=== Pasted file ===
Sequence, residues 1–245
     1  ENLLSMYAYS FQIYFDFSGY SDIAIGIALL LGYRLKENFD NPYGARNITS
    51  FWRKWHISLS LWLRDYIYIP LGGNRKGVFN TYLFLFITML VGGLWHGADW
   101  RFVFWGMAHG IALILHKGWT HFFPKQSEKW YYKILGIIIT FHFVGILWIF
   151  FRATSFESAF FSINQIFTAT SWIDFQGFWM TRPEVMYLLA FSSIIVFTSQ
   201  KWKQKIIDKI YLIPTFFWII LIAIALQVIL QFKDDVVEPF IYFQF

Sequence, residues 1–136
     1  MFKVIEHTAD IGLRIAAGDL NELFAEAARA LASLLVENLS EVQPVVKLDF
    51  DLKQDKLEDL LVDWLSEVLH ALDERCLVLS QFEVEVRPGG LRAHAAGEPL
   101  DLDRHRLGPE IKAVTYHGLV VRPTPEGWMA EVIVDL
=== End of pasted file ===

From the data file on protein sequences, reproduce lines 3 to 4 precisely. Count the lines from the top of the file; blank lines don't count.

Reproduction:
    51  FWRKWHISLS LWLRDYIYIP LGGNRKGVFN TYLFLFITML VGGLWHGADW
   101  RFVFWGMAHG IALILHKGWT HFFPKQSEKW YYKILGIIIT FHFVGILWIF